Can you observe callose deposition in the cotyledons of the 35S::HAE line? Are the receptors expressed in native cotyledons? This is the only phenotype tested in the cotyledons.

Are flg22-induced calcium responses affected in hae hsl2?

Reviewer #2 (Public Review):

Lalun and co-authors investigate the signalling outputs triggered by the perception of IDA, a plant peptide regulating organs abscission. The authors observed that IDA perception leads to a transient influx of Ca2+, to the production of reactive oxygen species in the apoplast, and to an increase accumulation of transcripts which are also responsive to an immunogenic epitope of bacterial flagellin, flg22. The authors show that IDA is transcriptionally upregulated in response to several biotic and abiotic stimuli. Finally, based on the similarities in the molecular responses triggered by IDA and elicitors (such as flg22) the authors proposed that IDA has a dual function in modulating abscission and immunity. The manuscript is rather descriptive and provide little information regarding IDA signalling per se. A potential functional link between IDA signalling and immune signalling remains speculative.

Reviewer #3 (Public Review):

Previously, it has been shown the essential role of IDA peptide and HAESA receptor families in driving various cell separation processes such as abscission of flowers as a natural developmental process, of leaves as a defense mechanism when plants are under pathogenic attack or at the lateral root emergence and root tip cell sloughing. In this work, Olsson et al. show for the first time the possible role of IDA peptide in triggering plant innate immunity after the cell separation process occurred. Such an event has been previously proposed to take place in order to seal open remaining tissue after cell separation to avoid creating an entry point for opportunistic pathogens. The elegant experiments in this work demonstrate that IDA peptide is triggering the defense-associated marker genes together with immune specific responses including release of ROS and intracellular CA2+. Thus, the work highlights an intriguing direct link between endogenous cell wall remodeling and plant immunity. Moreover, the upregulation of IDA in response to abiotic and especially biotic stimuli are providing a valuable indication for potential involvement of HAE/IDA signalling in other processes than plant development.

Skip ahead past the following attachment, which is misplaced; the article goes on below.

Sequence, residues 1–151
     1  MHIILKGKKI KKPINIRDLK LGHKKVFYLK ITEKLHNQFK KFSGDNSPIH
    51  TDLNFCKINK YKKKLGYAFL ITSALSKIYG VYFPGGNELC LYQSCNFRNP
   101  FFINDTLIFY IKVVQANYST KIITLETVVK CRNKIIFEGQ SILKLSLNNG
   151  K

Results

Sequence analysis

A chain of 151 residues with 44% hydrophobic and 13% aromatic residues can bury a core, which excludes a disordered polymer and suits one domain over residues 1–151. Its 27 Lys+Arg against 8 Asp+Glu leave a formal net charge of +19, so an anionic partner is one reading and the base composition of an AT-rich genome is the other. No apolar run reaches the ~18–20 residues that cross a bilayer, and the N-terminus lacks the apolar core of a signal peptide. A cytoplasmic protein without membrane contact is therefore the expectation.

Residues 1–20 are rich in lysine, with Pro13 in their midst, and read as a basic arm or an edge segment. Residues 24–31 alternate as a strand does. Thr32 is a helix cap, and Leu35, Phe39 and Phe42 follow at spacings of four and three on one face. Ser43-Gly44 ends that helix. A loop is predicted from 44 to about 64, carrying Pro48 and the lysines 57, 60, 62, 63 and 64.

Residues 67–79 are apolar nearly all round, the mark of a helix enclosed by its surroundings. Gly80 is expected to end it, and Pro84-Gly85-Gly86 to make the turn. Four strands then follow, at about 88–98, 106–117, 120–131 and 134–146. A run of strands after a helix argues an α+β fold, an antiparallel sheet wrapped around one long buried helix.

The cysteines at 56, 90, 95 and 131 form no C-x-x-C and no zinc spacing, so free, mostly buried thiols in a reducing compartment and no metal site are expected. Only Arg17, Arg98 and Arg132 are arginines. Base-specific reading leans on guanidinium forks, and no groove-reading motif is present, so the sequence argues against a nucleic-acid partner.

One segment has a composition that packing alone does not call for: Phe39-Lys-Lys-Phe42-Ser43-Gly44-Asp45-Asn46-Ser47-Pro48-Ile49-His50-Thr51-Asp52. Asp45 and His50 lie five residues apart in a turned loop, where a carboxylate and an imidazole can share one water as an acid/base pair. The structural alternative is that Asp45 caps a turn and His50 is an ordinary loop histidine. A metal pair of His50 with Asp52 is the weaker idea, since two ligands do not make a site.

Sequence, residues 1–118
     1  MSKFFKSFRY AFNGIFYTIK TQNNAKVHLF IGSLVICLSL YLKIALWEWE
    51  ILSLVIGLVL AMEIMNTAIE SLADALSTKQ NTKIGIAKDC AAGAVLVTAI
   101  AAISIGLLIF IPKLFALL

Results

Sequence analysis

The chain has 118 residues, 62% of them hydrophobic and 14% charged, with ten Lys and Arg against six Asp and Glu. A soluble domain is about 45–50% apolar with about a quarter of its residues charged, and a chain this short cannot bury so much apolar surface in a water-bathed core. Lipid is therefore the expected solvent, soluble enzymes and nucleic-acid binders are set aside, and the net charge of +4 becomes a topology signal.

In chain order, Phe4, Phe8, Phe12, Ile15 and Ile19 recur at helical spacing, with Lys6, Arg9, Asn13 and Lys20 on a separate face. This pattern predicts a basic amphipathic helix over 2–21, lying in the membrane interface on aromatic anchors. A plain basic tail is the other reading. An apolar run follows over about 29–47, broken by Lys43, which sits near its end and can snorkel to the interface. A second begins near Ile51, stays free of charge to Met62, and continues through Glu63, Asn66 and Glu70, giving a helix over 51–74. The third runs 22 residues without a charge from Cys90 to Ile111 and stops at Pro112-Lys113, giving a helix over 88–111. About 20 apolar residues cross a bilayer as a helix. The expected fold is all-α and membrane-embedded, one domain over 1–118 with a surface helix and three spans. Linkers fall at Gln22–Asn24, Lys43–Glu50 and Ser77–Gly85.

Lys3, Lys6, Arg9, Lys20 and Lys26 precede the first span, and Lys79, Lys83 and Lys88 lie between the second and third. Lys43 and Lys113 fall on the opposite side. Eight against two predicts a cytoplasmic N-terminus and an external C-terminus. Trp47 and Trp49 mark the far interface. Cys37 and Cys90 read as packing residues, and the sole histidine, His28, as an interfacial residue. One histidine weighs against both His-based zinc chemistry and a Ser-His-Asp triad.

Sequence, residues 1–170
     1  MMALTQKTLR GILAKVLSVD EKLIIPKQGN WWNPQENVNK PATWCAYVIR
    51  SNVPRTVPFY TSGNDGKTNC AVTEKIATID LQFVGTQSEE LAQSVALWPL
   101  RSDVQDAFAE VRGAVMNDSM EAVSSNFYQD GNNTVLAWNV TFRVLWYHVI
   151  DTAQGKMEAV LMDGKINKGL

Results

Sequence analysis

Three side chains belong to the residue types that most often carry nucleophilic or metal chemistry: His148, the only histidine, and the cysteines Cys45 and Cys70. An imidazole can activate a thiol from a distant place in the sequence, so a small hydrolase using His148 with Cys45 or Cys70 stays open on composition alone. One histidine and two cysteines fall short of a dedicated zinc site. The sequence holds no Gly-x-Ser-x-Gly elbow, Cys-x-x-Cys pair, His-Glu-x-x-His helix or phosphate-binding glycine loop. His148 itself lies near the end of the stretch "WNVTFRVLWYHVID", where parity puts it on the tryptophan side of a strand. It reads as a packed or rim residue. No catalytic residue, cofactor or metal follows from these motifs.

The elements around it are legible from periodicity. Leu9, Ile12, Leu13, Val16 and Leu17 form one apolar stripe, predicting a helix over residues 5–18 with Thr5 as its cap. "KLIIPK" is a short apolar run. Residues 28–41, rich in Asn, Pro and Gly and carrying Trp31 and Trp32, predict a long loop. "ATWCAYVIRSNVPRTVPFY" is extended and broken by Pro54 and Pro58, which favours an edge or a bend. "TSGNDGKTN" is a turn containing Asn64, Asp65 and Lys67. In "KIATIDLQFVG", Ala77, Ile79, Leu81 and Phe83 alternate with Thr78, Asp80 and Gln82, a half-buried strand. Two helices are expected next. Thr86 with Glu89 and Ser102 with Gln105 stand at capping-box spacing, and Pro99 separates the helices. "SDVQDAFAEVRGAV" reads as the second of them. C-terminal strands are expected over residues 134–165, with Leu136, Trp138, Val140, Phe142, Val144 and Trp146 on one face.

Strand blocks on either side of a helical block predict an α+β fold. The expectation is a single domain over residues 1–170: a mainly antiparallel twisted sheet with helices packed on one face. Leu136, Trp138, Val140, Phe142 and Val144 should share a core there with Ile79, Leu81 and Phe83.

The various methods and different approaches chosen by the authors consolidates the additional new role for a hormone-peptide such as IDA. The involvement of IDA in triggering of the immunity complex process represents a further step in understanding what happens after cell separation occurs. The Ca2+ and ROS imaging and measurements together with using the haehsl2 and haehsl2 p35S::HAE-YFP genotypes provide a robust quantification of defense responses activation. While Ca2+ and ROS can be detected after applying the IDA treatment after the occurrence of cell separation it is adequately shown that the enzymes responsible for ROS production, RBOHD and RBOHF, are not implicated in the floral abscission.
Furthermore, IDA production is triggered by biotic and abiotic factors such as flg22, a bacterial elicitor, fungi, mannitol or salt, while the mature IDA is activating the production of FRK1, MYB51 and PEP3, genes known for being part of plant defense process.

Even though there is shown a clear involvement of IDA in activating the after-cell separation immune system, the use of p35S:HAE-YFP line represent a weak point in the scientific demonstration. The mentioned line is driving the HAE receptor by a constitutive promoter, capable of loading the plant with HAE protein without discriminating on a specific tissue. Since it is known that IDA family consist of more members distributed in various tissues, it is very difficult to fully differentiate the effects of HAE present ubiquitously.
The co-localization of HAE/HSL2 and FLS2 receptors is a valuable point to address since in the present work, the marker lines presented do not get activated in the same cell types of the root tissues which renders the idea of nanodomains co-localization (as hypothetically written in the discussion) rather unlikely.

  1. Howard Hughes Medical Institute
  2. Wellcome Trust
  3. Max-Planck-Gesellschaft
  4. Knut and Alice Wallenberg Foundation